Attorney asks for dismissal of charges against MSU-Mankato coachby Elizabeth Baier, Minnesota Public Radio
ROCHESTER, Minn. — A defense attorney will ask prosecutors this afternoon to dismiss charges against Minnesota State University - Mankato football coach Todd Hoffner, who faces two counts of child pornography.
A criminal complaint alleges Hoffner used a university-issued cell phone to take pornographic videos of his three children, all under the age of 9. According to the complaint, the videos show the children dancing in the nude.
In his motion, Hoffner's attorney, Jim Fleming, asks Blue Earth County Judge Krista Jass and Assistant Blue Earth County Attorney Michael Hanson to drop the charges because "there is absolutely no evidence Todd Hoffner intended the videos to be, or knew or had reason to the know the videos would be alleged a 'sexual performance' or 'pornographic work'."
Hoffner and his wife, Melodee, released a statement Tuesday thanking friends, community leaders, school administrators and former MSU athletes who have reached out to them in the last few months.
"The family is overwhelmed by these compassionate and thoughtful expressions," the statement read. "This outreach by the greater Mankato and Eagle Lake communities has been a source of strength and encouragement in these trying times both personally and professionally."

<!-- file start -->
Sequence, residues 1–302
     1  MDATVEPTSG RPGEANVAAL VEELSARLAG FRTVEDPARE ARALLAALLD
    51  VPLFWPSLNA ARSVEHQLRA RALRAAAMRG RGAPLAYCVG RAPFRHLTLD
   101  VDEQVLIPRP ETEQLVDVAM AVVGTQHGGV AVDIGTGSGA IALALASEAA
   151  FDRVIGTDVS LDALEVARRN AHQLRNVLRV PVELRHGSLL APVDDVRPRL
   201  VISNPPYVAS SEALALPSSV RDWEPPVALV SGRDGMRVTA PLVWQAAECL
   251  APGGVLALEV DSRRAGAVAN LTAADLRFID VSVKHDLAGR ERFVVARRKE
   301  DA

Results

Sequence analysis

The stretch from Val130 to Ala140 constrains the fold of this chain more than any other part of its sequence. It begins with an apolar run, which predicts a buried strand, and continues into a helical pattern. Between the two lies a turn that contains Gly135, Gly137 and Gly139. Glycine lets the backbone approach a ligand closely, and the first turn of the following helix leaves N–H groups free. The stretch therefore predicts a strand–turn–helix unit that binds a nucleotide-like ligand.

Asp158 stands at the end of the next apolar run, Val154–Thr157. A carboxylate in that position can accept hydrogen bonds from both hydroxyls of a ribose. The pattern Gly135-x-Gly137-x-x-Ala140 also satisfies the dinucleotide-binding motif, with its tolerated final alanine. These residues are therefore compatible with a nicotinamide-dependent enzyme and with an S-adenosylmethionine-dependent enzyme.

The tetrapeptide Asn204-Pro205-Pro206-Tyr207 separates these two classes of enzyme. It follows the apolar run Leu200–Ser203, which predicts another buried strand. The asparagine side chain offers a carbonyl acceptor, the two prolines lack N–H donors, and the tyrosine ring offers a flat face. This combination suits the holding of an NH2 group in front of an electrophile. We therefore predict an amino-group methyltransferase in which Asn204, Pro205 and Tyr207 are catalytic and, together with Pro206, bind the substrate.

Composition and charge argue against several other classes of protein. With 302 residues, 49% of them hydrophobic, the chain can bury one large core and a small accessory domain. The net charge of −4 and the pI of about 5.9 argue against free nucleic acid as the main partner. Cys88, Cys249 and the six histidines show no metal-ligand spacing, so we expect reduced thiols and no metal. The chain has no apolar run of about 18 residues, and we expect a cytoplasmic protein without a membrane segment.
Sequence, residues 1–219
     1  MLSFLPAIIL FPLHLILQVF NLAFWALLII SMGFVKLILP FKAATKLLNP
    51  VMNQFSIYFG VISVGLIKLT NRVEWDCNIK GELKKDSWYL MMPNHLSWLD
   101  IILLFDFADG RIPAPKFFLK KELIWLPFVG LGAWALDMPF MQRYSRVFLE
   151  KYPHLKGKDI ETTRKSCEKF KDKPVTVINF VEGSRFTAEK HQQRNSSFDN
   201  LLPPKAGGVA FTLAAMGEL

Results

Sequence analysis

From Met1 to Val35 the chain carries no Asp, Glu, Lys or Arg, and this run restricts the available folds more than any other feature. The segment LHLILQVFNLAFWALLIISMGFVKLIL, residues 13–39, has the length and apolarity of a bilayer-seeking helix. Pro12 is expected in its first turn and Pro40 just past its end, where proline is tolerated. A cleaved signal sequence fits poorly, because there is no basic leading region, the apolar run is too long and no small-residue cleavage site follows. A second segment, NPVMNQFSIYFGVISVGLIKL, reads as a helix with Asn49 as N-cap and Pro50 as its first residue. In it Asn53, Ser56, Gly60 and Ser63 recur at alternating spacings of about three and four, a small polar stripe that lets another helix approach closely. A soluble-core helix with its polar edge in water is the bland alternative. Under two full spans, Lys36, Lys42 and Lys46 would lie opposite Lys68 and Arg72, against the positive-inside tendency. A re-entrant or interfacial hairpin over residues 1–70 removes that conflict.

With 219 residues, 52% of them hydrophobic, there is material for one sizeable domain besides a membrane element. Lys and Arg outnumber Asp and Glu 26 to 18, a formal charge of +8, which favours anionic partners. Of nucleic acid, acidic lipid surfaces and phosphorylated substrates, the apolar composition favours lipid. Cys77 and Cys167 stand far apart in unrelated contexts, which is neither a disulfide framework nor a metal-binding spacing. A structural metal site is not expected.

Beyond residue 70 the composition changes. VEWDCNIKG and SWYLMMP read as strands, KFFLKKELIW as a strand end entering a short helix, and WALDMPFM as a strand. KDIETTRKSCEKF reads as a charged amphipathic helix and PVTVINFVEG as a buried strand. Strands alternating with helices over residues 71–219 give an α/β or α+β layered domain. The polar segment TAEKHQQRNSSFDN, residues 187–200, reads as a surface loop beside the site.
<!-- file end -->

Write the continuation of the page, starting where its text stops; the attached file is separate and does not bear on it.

Last month, investigators said they found no potential evidence of child pornography in a search of materials taken from Hoffner's home.
Earlier this week, a certified sex therapist and a pediatrician came to Hoffner's defense in affidavits filed with Blue Earth County court.
After viewing the three videos that resulted in the charges against Hoffner, therapist William Seabloom said "the children were happy and laughing. They did not appear to be in any distress or discomfort."
Seabloom holds a PhD in human sexuality from the Institute of Advanced Study of Human Sexuality in San Francisco and a master's degree in social work from the University of Minnesota.
According to the affidavit, Seabloom said the children in the videos do not appear to be engaged in any physical contact in an act of apparent sexual stimulation or gratification. "The children are engaged in healthy play," Seabloom said.
In another affidavit, Lon Knudson, who has examined the Hoffner children since 2008, said the children are in good health.
"I have not found or suspected physical or psychological damage to these children in any respect," Knudson said.
Since filing charges against Hoffner in late August, county prosecutors have declined numerous requests for interviews.
Hoffner remains on paid administrative leave from MSU.